Why is this important?  Obviously we want accurate maps of planets so we can send landers to the right place, and make future observations of changes or unusual features, but we also want to make accurate topographic maps from stereo images and such and that requires accuracy.  Scientific work on geologic processes also requires accuracy in position or we get the wrong answer and waste time and money.  And if we have inaccurate pointing information our maps are misaligned and we can't make the kind of mapping product like those released yesterday.
An example of a misaligned map (left) and an accurately aligned map (right).  Courtesy USGS.
So, this brings us to the new maps.  As noted above, these are the best maps produced to date of these objects.  They will be updated periodically as our understanding of their rotation state improves and as the last sets of images come through in 2015, but positionally they will not change much more if at all.  Several close encounters of Tethys, Enceladus, Dione and even a few more shots of Mimas are on tap for next year.  The maps are at different resolutions because the bulk of images for each satellite were obtained at different resolutions because of the Cassini tour geometry and speeds and the size of the objects.  The goal was to make maps at the highest resolution possible with as uniform a resolution as possible.  I (slightly) favored resolution in each case, and the result was 250 meters for Tethys and Dione, 400 meters for Rhea and Iapetus, 200 meters for Mimas, and 100 meters for Enceladus, which has been the focus of numerous Cassini encounters and is the best mapped icy body in the Solar System.

These are the first global maps to realistically show brightness variations across the surface.  Hence you can see the really dark trailing hemispheres of Tethys, Dione and Rhea very well.  Bright lineations on Dione and Rhea also stand out as do various bright and dark features such as rayed craters.  Like all maps, compromises were required to get a uniform map product, as each image was acquired under its own uniquely different lighting and viewing conditions.  When a choice was required I usually chose feature definition (from shading) over brightness variation, for example.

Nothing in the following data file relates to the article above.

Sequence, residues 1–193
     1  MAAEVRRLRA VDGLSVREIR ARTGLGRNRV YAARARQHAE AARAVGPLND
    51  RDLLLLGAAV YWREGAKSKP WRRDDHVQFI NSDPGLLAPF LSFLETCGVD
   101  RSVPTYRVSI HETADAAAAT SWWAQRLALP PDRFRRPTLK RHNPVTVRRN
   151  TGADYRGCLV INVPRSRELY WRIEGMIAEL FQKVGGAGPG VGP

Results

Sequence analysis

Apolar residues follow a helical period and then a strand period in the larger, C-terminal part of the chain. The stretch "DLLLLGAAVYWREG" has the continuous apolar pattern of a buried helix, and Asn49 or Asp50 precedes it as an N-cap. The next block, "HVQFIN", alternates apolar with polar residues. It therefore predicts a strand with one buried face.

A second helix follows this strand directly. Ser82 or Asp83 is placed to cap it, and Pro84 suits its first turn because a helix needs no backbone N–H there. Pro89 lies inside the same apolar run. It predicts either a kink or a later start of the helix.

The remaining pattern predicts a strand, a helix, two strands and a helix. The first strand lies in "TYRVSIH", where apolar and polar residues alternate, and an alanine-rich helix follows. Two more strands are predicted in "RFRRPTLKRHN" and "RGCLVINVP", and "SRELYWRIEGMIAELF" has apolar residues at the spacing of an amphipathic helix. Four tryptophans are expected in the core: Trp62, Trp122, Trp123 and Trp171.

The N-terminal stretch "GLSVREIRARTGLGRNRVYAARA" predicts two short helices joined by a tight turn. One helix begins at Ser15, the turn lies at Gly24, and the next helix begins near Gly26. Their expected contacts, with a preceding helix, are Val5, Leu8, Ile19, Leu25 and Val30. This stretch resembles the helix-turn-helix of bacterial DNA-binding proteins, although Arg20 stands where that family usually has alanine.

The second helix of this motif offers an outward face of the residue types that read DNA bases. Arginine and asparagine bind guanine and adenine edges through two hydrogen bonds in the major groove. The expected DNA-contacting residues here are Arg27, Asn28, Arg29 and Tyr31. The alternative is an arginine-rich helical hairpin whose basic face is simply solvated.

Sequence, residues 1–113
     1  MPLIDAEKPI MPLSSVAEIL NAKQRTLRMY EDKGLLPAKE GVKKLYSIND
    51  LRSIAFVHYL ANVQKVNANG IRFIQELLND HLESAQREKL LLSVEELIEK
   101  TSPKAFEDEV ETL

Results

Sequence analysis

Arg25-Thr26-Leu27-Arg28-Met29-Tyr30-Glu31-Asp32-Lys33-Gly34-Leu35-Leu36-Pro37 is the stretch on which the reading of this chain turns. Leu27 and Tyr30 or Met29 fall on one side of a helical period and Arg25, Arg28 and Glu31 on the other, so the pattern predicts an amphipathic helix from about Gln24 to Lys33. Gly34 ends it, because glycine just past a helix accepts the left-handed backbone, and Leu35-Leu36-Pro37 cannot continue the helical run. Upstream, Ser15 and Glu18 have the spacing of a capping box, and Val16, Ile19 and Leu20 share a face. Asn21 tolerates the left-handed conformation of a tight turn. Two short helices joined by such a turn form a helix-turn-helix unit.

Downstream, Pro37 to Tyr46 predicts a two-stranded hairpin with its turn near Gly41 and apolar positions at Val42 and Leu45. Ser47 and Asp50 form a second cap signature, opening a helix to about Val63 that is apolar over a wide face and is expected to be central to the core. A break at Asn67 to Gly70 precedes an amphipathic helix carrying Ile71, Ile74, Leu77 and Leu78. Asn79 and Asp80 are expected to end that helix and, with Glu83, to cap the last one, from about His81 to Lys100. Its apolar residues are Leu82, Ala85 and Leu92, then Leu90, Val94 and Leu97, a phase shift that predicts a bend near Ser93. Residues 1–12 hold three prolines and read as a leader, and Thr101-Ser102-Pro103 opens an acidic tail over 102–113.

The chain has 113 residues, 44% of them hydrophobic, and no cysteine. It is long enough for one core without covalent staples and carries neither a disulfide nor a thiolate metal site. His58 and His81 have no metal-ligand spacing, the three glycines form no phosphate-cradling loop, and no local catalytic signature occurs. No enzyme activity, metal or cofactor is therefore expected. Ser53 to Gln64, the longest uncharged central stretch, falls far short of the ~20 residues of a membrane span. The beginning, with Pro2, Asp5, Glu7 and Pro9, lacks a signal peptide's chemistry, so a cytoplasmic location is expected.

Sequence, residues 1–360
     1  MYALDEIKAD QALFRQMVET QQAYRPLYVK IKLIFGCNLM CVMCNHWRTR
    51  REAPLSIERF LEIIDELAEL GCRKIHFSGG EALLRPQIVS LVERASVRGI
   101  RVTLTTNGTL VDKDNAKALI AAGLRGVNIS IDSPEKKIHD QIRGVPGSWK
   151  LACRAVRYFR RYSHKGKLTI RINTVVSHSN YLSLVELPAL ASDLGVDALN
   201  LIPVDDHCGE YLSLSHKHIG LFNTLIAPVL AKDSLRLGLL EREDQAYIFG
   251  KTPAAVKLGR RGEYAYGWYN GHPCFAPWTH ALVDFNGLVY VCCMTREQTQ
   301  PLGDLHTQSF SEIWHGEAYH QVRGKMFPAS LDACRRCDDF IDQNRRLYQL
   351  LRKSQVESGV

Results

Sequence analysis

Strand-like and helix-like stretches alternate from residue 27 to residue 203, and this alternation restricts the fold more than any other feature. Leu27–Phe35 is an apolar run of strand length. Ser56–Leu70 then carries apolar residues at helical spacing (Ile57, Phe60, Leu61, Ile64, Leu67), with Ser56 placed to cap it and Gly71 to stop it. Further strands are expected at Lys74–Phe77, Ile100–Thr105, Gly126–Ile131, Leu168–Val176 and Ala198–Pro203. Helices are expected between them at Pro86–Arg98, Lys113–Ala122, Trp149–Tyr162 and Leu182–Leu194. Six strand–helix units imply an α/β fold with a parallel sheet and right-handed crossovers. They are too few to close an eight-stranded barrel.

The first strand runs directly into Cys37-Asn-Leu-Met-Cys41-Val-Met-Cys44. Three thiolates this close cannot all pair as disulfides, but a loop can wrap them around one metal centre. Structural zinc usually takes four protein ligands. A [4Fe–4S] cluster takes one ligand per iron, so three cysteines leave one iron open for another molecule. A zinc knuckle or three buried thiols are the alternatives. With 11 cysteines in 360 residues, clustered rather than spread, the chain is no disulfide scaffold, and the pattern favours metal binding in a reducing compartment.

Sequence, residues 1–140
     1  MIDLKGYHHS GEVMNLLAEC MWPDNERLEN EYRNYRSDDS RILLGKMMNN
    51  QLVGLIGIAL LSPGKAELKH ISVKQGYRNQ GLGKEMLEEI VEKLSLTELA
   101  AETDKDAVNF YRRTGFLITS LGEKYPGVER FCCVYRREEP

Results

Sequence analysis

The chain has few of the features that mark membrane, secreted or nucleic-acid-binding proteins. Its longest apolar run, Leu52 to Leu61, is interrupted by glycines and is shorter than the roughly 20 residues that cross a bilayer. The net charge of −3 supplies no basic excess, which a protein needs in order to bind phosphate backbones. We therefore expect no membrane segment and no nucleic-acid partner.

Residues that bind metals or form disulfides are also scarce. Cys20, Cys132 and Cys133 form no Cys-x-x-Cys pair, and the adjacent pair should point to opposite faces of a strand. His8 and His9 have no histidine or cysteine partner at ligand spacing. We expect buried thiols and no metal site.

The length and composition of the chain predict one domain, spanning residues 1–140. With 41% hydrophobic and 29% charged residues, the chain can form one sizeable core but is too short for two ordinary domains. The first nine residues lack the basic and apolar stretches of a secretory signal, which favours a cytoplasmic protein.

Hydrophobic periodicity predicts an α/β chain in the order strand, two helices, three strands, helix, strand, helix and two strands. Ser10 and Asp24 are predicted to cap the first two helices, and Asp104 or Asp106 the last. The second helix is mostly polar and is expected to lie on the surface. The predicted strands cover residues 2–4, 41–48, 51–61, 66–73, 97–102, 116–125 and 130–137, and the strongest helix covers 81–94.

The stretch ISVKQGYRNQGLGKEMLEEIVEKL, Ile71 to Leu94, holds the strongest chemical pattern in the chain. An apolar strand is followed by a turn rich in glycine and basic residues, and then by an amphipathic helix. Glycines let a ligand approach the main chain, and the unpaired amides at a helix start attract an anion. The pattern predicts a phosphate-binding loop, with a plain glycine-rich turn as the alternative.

Tale of Two Hemispheres.  These global projections show how different Saturn's icy moons can look, depending on the view.  The top is the leading hemisphere, covered in smooth deposits and sinuous rilles.  Note the young bright ray crater Creusa near top.  The bottom view is of the darker heavily cratered trailing hemisphere, which is scarred by arcuate young fracture networks.
The other new feature of these maps is that they are the first accurate maps in color (I think somebody may have done preliminary color maps elsewhere but they are not as complete or accurate as these positionally or in color registration).  These new maps are in 'Superman' colors, just beyond the range of normal human color vision.  The color choice was not made to annoy anybody.  Cassini did obtain some images in the R-G-B range of the spectrum close to human vision but these are insufficient images to construct global maps at high resolution.  The natural visual colors of these bodies do reveal information but they tend to be rather bland.  Cassini did obtain routine higher resolution coverage of these moons in the near-IR and the UV wavelengths and these are used to make the global maps.  "Dialing up' the colors to include these spectral ranges also brings out color contrasts between geologic features much better than the olde R-G-B range.